Upon the finding of the girl in the river I remembered the book I had tossed into the waters many years before.
It was a strange feeling, as was the look of her skin and hair; her fingers gnarled like grey twigs, the bone that showed shimmered romantically in the glint of the noonday sun. The morning had a way of making her death divine, as it lit the water up like glitter and gave her corpse colors that were not there. I imagined that she had been a fair girl, soft and pure in appearance, like that of a pale flower. It was simply the way she laid across the stones—in a kindred sense she too had been smoothed and polished by the waves as had been the pebbles along the bank. The river had stripped her of her clothing, hue, and flesh, but still her body shone and sparkled. Still she glowed with grace under the warm flush of the late dawn.
I sat next to her on the bank for awhile, and I did not disturb her until the day grew hot and she began to dry out like a parched leaf beneath a magnifying glass. With a stiff back, I told her I did not blame her for the smell, and with that and but a slight hesitation I waded out into the swift water, and I gingerly grabbed one of her small feet and pulled her slowly out into the shallows. The river took it’s time with her, as she sank but slightly and than glided like a seed on the wind from view. I stuffed my hands into my pockets, glad that I had not given into the temptation of treating her like a dead forest animal, by prodding her back into the water with the thin branch I had spotted earlier by the tree line. She deserved a human touch to take her, reassure her, escort her back into her clear and moving grave. I stood there awhile; I took off my hat and let my hair fall out. It had grown long since last I met with this river.
Upon arriving my intention had been to weep, let my tears and the riverweed merge once more. Yet instead I found my eyes vacant, staring off into the distance unmoving. For moments I had no thought or memory. It wasn’t until I heard small footsteps over the pebbles that I moved at all, and I looked ahead down the riverbank and saw a young girl in her nightdress clambering over the rocks.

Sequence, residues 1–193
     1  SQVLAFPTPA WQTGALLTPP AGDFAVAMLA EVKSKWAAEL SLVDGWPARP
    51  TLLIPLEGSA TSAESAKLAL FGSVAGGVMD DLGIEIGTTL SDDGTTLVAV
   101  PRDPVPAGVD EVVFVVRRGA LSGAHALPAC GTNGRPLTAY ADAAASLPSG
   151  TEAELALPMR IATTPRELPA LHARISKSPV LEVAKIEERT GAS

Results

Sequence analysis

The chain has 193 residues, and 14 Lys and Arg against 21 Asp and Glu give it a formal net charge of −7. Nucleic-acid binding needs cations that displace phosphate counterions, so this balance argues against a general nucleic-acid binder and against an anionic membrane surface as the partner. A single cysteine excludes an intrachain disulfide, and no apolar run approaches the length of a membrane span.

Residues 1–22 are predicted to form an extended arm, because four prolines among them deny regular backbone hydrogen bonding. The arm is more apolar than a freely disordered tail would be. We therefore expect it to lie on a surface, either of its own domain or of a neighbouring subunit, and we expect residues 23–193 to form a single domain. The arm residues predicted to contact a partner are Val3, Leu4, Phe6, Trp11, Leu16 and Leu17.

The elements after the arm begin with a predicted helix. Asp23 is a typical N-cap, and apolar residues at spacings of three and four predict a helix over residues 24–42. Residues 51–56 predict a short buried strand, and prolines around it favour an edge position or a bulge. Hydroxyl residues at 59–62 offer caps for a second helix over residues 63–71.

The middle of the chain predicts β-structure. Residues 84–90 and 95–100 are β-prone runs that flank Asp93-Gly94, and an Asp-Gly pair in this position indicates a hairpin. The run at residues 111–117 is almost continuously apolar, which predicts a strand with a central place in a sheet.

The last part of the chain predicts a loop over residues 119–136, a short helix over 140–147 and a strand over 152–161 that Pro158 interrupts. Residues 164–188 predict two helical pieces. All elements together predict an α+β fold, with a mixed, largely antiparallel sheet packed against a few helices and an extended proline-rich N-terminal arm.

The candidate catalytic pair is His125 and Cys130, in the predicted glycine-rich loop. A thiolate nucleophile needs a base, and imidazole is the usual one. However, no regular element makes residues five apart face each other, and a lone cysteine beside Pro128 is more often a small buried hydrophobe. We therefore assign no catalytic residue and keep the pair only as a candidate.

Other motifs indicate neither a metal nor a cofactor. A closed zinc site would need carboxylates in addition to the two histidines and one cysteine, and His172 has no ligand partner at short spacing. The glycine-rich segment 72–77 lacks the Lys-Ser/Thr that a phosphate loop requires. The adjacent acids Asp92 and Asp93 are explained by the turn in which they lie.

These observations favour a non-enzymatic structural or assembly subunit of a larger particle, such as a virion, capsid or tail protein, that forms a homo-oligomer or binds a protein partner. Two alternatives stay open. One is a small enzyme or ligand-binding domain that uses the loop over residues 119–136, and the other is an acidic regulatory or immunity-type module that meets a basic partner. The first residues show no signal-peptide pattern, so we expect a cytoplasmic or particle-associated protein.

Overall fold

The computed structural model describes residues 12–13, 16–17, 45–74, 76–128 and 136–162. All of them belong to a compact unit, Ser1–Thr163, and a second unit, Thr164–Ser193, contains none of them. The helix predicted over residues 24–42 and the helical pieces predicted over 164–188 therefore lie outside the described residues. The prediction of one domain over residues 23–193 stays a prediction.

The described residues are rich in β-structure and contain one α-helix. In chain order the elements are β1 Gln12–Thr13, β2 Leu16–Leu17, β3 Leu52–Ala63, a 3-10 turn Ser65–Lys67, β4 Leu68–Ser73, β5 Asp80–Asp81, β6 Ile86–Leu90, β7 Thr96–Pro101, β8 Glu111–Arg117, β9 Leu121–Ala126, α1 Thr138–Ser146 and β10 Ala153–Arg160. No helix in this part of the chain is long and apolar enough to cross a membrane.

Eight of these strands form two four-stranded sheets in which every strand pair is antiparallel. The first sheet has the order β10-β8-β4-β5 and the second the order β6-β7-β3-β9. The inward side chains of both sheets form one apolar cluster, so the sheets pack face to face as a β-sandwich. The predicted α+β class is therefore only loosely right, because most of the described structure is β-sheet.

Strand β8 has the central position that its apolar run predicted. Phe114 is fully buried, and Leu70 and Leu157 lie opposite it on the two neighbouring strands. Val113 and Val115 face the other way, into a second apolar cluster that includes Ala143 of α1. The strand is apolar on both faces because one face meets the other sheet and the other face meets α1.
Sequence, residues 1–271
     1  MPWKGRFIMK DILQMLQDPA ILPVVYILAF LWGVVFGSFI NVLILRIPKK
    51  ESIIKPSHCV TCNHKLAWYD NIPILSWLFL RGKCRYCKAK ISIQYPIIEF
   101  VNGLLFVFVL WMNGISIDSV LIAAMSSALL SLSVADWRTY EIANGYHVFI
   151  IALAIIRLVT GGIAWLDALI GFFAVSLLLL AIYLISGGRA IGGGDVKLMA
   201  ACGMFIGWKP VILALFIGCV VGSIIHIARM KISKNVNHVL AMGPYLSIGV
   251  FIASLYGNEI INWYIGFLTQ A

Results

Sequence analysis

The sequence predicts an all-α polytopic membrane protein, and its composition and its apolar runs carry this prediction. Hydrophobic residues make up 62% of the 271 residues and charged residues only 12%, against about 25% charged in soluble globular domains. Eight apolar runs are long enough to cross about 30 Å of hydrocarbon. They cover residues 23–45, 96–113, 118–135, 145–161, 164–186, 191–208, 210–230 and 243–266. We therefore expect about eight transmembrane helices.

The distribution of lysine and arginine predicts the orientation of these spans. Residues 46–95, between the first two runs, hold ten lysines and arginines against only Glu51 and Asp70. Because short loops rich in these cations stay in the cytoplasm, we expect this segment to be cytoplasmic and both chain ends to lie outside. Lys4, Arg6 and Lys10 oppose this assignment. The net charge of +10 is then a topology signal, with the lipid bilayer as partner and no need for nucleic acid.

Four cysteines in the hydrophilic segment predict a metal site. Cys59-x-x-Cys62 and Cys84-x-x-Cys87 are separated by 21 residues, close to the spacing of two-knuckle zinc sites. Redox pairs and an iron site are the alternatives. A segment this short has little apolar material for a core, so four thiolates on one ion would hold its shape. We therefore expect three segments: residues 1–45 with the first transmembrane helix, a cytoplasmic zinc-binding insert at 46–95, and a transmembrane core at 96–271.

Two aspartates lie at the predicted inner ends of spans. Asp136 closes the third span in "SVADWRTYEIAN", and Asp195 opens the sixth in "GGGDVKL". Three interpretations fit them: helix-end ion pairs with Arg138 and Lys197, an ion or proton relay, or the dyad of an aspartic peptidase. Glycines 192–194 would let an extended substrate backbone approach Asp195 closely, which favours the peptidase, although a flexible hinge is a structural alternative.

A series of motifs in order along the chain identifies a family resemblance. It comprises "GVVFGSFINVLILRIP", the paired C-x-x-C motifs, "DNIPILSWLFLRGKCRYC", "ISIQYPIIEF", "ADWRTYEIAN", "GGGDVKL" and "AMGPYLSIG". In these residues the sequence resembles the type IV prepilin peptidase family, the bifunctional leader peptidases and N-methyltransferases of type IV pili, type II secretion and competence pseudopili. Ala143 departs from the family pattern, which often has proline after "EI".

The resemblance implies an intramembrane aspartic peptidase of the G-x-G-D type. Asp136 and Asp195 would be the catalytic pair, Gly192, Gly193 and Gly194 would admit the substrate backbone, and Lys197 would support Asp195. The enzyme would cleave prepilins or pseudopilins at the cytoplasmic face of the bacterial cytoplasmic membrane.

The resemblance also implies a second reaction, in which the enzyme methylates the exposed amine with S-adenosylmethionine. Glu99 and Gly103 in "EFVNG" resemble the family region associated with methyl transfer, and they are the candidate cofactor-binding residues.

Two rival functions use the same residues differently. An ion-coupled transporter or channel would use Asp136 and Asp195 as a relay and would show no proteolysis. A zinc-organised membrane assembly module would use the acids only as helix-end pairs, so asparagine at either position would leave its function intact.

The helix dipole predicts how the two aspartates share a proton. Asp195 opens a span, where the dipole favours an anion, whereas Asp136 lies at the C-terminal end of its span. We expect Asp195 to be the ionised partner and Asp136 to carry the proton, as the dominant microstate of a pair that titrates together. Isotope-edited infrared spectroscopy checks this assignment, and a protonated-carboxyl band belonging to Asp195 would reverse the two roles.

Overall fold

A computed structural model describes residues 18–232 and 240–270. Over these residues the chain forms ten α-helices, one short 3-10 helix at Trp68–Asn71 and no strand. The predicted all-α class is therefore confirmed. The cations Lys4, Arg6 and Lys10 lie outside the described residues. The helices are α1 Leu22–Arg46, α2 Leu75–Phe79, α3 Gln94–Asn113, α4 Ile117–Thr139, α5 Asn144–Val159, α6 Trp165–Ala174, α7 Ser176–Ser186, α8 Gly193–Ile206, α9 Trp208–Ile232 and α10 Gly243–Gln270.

She had the look of a four legged creature. She panted like a ragged dog in cold winter air; her breath gone but her whines piercing. I watched her silently in the light, as from her scratched and mangled hand she tossed a black book into the river, and with a splash it vanished into the dark water. My eyes so unblinking, made the sky blur and dim, as I then witness her dropping to her knees in a fist clenching howl, the painful sound turning to gasping screeching, and like a wild child she held and cradled herself on the rock. I looked over to where the book had spattered into the water, I followed it’s ripples until they wafted against my legs and turned to nothingness. Without motion and without glancing upon her again I listened to her wails. She did wail, she roared, as an internally writhing thing. I listened to her yowl until the sun had gone and the moon rose, a lapse of time I can’t explain. Her appearance made me think of the wolf, her face haggard and upturned, silhouetted against the silver, howling as if she had lost all the stars in the sky. I thought of the yellow glimmer of the river earlier at the dawn. I recalled the memory of the fair girl, pulling her out into the waters, and watching the carcass drift out into the shifting glass of stars. The early warmth of that hour had turned to bitter, breathless night.
I opened my mouth, a fog rising from it and I thought aloud to myself alone in the river, yet, the words remain lost in the infinity of that thing called imagination. I still am uncertain if they had been spoken, or if I had ever even sought such a forgotten dream. But I am certain of the chill of the river, and the petrifaction of my body hairs and bluing of my veins. When I woke upon the riverside, both the moon and the sun were visible above me.
Of all my memories, that is the fondest.